Emilie’s Accomplishments in Science

One cannot speak of Emilie’s accomplishments in science and mathematics without speaking of Voltaire. Emilie first met Voltaire when she was a child, as he was one of the many dinner guests at her parent’s home. When Emilie was 27 they met again and developed a strong relationship.

Voltaire had just returned from England and Emilie was one of few women with whom he could discuss his interests in political, philosophical, and most importantly, science. In addition, they both held deep convictions about Newton’s world view, which at that time, was quite unpopular in France. Fleeing a warrant for his arrest (for his anti-French writings), Voltaire took up residence at du Chatelet’s husband’s home– Cirey-sur-Blaise in northeastern France. It was here at Cirey where du Chatelet completed some of her most significant work.

Of this time Voltaire wrote, “found in 1733 a young lady who felt more or less as I did, and who resolved to spend several years in the country to cultivate her mind, far from the tumult of the world. It was the marquise Du Châtelet, the woman who in all France had the greatest disposition for all the sciences. … Seldom has so fine a mind and so much taste been united with so much ardour for learning; but she also loved the world and all the amusements of her age and sex. Nevertheless she left all this to go and bury herself in a dilapidated house on the frontiers of Champagne and Lorraine, where the land was very fertile and very ugly. She beautified the house, to which she added pleasant gardens. I built a gallery, in which I created a very fine collection of scientific instruments. We had a large library.” (L Morland (ed.), Voltaire, Oeuvres complètes (1879) from O’Connor and Robertson Chatelet Biography, para. 14). The library that they created was as well stocked as that of the Academy of Sciences in Paris and they brought in the latest laboratory equipment from England.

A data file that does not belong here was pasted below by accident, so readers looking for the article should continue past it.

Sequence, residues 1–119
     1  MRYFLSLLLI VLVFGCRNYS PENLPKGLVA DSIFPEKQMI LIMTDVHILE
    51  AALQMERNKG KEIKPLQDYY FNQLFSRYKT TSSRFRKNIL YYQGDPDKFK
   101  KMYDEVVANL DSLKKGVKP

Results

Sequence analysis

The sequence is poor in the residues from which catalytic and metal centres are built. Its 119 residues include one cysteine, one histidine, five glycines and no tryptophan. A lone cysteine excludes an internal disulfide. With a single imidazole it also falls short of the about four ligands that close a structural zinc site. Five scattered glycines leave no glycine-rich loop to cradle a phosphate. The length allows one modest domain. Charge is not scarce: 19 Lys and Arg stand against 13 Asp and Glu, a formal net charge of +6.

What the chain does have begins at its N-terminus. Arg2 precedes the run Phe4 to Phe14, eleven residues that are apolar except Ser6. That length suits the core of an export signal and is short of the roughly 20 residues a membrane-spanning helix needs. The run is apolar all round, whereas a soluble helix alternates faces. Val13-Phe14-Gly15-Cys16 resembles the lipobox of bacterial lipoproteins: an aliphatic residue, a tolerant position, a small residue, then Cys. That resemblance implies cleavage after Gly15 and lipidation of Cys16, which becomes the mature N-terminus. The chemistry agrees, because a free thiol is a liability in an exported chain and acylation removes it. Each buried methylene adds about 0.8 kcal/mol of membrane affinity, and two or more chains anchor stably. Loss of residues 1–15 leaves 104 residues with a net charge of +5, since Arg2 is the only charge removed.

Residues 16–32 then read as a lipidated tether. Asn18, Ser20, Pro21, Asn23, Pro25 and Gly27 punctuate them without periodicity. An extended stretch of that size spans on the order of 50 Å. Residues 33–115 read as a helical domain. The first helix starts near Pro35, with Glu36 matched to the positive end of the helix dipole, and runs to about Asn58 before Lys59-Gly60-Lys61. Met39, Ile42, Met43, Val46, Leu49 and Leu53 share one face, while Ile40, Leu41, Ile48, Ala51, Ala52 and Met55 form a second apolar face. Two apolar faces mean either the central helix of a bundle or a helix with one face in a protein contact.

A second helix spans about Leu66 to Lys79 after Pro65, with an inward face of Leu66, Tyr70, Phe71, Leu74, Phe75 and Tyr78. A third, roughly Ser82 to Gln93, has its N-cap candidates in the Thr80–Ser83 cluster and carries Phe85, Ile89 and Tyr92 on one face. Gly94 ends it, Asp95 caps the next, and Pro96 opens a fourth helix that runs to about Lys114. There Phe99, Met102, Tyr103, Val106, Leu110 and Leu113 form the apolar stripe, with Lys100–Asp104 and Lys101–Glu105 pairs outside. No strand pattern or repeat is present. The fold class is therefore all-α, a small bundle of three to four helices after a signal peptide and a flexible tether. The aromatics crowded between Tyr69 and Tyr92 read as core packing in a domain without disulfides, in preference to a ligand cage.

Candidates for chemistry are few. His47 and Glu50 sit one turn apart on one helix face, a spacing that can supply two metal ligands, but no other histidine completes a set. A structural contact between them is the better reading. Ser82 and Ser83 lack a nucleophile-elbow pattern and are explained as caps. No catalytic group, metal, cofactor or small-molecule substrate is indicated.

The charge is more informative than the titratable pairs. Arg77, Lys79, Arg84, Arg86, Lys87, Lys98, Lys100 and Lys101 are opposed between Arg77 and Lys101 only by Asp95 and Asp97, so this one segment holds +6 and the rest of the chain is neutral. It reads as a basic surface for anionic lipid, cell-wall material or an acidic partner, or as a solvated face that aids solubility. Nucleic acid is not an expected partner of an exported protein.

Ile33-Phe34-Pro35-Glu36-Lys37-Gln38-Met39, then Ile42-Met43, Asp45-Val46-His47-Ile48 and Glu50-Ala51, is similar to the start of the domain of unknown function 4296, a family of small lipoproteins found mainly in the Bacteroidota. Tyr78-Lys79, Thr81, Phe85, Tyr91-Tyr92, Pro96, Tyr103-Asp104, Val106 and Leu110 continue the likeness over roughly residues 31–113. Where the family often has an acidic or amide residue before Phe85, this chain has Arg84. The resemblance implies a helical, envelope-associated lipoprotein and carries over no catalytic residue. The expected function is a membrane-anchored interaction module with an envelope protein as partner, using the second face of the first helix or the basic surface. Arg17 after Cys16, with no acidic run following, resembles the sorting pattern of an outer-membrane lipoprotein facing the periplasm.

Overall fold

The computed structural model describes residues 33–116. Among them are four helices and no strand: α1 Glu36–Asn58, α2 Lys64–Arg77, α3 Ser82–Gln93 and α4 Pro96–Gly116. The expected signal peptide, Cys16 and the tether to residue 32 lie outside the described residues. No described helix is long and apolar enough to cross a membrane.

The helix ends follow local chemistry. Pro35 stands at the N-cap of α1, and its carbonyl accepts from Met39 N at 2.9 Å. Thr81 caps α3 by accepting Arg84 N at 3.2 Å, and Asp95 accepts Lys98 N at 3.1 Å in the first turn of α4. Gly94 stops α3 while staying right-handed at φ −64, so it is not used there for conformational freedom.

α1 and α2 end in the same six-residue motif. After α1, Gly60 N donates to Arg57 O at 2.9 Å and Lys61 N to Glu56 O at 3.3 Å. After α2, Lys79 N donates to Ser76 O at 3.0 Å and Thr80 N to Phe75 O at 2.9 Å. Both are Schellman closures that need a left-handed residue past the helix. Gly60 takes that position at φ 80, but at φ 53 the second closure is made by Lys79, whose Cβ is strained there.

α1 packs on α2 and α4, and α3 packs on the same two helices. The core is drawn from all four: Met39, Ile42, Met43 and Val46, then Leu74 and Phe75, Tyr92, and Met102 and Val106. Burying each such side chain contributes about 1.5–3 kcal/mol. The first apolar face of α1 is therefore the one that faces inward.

By 1736 Voltaire and du Chatelet were jointly working on the book, Eléments de la philosophie de Newton. The book was published in 1738 under Voltaire’s name, but in the preface he makes it clear that the book was a collaborative process with Emilie.

With Voltaire being much older than du Chatelet, one might think that she was simply the female assistant, or young lover, but that was not the case. Emilie was a formidable partner to Voltaire and was challenging some of the days most important scientific assumptions.

One of those assumptions was the understanding of what energy was. At that time, it was commonly held that energy was simply the product of its mass times its velocity (e = mv)—that is to say that if a 10 pound object is going 12 miles per hour it would have 120 units of energy. Even Voltaire himself had popularized this idea, originally from Newton. But, Emilie knew of a different and competing theory on the subject written by the Diagrams from du Châtelet's Institutions physiquesGerman philosopher and mathematician, Gottfried Leibniz. Then, du Chatelet found compelling evidence in some experiments the Dutch researcher, Willem Gravesande, had been conducting.  “If the simple E = mv was true, then a weight going twice as fast as an earlier one would sink in twice as deeply. One going three times as fast would sink three times as deep. But that’s not what Gravesande found. If a small brass sphere was sent down twice as fast as before, it pushed four times as far into the clay. It if was flung down three times as fast, it sank nine times as far into the clay.” (NOVA site, 2005, para. 9).

What du Chatelet then did was to revisit Leibniz’s theory and take it to the next level with the scientific evidence as provided by Gravesande’s experiments. The conclusion it led her to was that energy was equal to an object’s mass times it’s velocity squared (E = mv2). This discovery was used by numerous physicists as a way to predict an objects energy. Much, much later, a young scientist, named Albert Einstein would use this discovery as one of the keys that would unlock his theory of relativity, E = mc2.

Emilie du Chatelet—Female Scientist

29 Comments

  1. savanna said,

    I like it in all, but could you mack a site like this but list the accomplishments.That way a eaith grader like myself could under stand them for a report!

    • adityajoshi5 said,

      It’s nice to see an eighth grader browsing pages like this. You’d have crossed your school by now. It’s your turn to be like the people discussed here.